Open House | The Odyssey and Breaking Bad, with Joel Christensen

Joel Christensen on the Odyssey, Breaking Bad, and Problematic Endings

Professor Joel Christensen (University of Texas, San Antonio) joined us to discuss the ways that Breaking Bad can help us rethink our reading of Odysseus and the violent ending of the Odyssey. He was joined in this video dialogue by several members of the community. Together they raise and discuss provocative questions such as:

  • How do Odysseus and Walter White function in similar ways?
  • Is Achilles the hero you want to be, while Odysseus is the human survivor you are?
  • How does the Odyssey test and transgress boundaries regarding violence as much as Breaking Bad?

We invite members to continue this dialogue in the discussion forum.

You may download a PDF transcript of the video: H25_Joel_Christensen_on_Odyssey_Breaking_Bad_Problematic_Endings

For further videos please visit the Watch page.

Joel Christensen

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Dr. Joel Christensen received his BA from Brandeis University in Classics and English and his PhD in Classics from New York University, earning an additional Certificate in Poetics and Theory. He is actively engaged in research that explores the development of literature and language in ancient Greece. His dissertation, “The Failure of Speech: Rhetoric and Politics in the Iliad“, an examination of the Iliad‘s internal conception of effective speech and the political importance of language, has developed into a series of articles on the use of language in Homer and the relationship between our Iliad  and a putative poetic tradition.

In addition to explorations of language in the Iliad, Dr. Christensen also collaborates with E.T.E. Barker (Open University, U. K.) on rivalry and generic relationships in Archaic Greek poetry. Together they have published articles on the new Archilochus fragment, Oedipus in the Odyssey and are in the midst of a long-term project on the use of Theban myths in Homer’s Iliad and Odyssey. Barker and Christensen have published a Beginner’s Guide to Homerand plan to publish their second book (Homer’s Thebes) within the next few years. In conjunction with his teaching and research interests, Dr. Christensen also writes on myth and its relationship with literary representations: he has published on the Gilgamesh poems, Greek myth and modern science fiction. In addition to being an active researcher, Dr. Christensen also has interests in New Media and conventional publications; he has recently started serving as the book review editor for The Classical Journal.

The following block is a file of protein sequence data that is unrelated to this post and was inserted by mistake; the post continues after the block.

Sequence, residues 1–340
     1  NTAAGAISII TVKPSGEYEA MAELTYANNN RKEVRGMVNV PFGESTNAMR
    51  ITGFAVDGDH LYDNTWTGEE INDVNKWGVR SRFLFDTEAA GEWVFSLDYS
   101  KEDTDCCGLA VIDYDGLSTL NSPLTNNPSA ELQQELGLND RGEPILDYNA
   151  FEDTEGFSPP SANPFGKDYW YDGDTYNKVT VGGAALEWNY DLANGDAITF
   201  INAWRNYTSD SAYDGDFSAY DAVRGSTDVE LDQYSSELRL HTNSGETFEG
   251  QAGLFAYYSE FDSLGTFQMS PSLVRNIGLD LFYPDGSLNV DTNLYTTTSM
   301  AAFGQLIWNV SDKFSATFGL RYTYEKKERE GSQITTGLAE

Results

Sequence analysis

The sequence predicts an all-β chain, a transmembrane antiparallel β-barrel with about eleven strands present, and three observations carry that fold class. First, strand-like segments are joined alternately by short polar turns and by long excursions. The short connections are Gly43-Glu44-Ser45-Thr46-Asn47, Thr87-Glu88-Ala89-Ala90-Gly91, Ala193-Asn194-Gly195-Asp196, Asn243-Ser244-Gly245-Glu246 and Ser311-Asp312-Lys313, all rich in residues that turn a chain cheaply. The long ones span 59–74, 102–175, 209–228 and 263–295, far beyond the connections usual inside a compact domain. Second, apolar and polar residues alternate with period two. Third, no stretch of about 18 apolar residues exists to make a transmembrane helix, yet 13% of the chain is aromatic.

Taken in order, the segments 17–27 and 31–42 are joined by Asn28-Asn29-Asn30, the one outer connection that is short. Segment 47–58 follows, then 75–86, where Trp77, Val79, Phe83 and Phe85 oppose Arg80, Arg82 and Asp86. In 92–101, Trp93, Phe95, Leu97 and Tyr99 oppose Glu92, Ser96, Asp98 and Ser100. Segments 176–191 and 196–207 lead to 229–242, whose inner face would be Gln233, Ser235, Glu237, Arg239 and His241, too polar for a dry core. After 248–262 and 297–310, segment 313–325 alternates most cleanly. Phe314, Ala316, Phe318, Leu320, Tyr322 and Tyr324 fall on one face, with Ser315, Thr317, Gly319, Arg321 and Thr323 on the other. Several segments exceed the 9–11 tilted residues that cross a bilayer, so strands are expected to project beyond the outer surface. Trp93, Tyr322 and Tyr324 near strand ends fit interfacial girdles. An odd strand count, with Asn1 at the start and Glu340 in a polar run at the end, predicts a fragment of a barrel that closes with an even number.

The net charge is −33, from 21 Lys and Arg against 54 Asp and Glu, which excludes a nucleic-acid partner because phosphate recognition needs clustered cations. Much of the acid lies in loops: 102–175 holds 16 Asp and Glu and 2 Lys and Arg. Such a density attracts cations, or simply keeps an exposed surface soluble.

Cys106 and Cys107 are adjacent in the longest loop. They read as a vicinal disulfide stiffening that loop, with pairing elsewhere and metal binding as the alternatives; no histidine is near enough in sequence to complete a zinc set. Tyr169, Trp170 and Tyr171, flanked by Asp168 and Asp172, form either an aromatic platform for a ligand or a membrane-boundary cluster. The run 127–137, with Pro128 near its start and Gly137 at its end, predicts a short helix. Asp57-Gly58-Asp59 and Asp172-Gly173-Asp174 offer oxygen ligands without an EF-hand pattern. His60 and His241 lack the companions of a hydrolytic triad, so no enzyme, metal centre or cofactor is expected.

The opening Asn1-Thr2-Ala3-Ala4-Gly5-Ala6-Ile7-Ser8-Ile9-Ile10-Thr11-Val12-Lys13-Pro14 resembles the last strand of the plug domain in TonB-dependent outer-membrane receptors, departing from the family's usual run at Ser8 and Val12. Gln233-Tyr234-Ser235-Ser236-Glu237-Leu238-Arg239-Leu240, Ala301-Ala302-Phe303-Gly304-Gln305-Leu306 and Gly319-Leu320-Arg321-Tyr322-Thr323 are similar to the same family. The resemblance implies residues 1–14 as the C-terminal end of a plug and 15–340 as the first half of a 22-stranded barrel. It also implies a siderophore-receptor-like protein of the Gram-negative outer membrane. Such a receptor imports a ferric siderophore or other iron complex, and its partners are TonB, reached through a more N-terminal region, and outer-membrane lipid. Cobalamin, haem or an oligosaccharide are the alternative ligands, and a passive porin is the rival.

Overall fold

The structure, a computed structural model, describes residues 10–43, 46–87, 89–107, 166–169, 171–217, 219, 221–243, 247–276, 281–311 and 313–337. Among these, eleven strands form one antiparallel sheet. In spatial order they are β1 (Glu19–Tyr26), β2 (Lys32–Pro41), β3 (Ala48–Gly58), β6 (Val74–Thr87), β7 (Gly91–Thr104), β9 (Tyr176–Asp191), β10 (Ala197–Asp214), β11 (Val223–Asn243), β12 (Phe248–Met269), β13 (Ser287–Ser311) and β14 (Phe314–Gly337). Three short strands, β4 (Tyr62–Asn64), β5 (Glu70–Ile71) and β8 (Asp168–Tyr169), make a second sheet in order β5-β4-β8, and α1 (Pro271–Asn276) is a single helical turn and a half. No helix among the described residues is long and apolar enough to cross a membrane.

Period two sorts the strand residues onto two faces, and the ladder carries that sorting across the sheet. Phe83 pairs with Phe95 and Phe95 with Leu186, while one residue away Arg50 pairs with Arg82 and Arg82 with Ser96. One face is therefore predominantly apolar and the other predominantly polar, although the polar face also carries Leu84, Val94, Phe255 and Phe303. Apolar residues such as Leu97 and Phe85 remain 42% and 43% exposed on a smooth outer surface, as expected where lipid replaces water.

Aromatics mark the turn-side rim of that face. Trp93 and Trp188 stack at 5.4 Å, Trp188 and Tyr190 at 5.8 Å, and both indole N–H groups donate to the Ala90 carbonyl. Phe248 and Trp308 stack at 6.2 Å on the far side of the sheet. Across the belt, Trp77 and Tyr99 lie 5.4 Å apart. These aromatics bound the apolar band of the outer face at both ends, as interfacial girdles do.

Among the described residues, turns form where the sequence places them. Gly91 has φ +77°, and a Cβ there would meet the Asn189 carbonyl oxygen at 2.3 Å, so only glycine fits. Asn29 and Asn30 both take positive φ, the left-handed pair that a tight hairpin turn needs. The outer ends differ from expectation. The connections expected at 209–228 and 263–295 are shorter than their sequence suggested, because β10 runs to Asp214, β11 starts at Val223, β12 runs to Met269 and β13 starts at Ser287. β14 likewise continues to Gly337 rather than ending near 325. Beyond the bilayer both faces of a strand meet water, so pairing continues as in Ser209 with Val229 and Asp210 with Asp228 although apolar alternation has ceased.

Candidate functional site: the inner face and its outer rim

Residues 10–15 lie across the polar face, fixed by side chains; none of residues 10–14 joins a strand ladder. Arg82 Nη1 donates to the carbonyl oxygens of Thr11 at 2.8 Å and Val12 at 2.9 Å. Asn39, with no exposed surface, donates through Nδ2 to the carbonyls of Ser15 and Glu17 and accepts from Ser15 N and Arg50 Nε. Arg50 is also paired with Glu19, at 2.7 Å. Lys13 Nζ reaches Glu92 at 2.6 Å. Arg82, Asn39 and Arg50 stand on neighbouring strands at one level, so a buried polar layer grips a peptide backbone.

Selected Publications

Forthcoming — “Time and Self-Referentiality in the Iliad and Frank Herbert’s Dune,” in Classical Traditions in Science Fiction, Brett Rogers and Benjamin Stevens (eds.). Oxford, 2015.

Forthcoming — (with E. T. E. Barker) “Odysseus’ Nostos and the Odyssey’s Nostoi.” G. Scafoglio (ed.). Studies on the Greek Epic Cycle. 2015.

Forthcoming —  “The Hero Herself: From Death-Giver to Storyteller in Buffy the Vampire Slayer,” in Ancient Women and Modern Media, William Duffy and Krishni Burns, eds. Cambridge Scholars Press, est. 2015.

Forthcoming — (with E. T. E. Barker) “Even Herakles Had to Die: Homeric ‘Heroism’, Mortality and the Epic Tradition”. Special Issue Trends in Classics: Homer and the Theban Tradition (Christos Tsagalis, ed.; 2014)

Forthcoming — “Diomedes’ Foot-wound and the Homeric Reception of Myth,” In Diachrony, Jose Gonzalez (ed.). De Gruyter series, MythosEikonPoesis. est. 2014.

Beginner’s Guide to Homer (with E. T. E. Barker), One World Publications (July, 2013)

“Aorist Morphology,” in Encyclopedia of Ancient Greek Language and Linguistics, ed. G. Giannakis, Brill. est. 2013.

“Innovation and Tradition Revisited: The Near-Synonymy of Homeric ΑΜΥΝΩ and ΑΛΕΞΩ as a Case Study in Homeric Composition.” The Classical Journal 108.3, 257-296.

“Ares: ἀΐδηλος: On the Text of Iliad 5.757 and 5.872.” Classical Philology 107.3, 230-238.

(with E.T.E. Barker) “On Not Remembering Tydeus: Agamemnon, Diomedes and the Contest for Thebes.” Materiali e Discussioni per l’Analisi dei Testi Classici 66, 9-44.

“First-Person Futures in Homer.” American Journal of Philology 131, 543-71.

For a complete list of publications, please see Dr. Christensen’s C.V.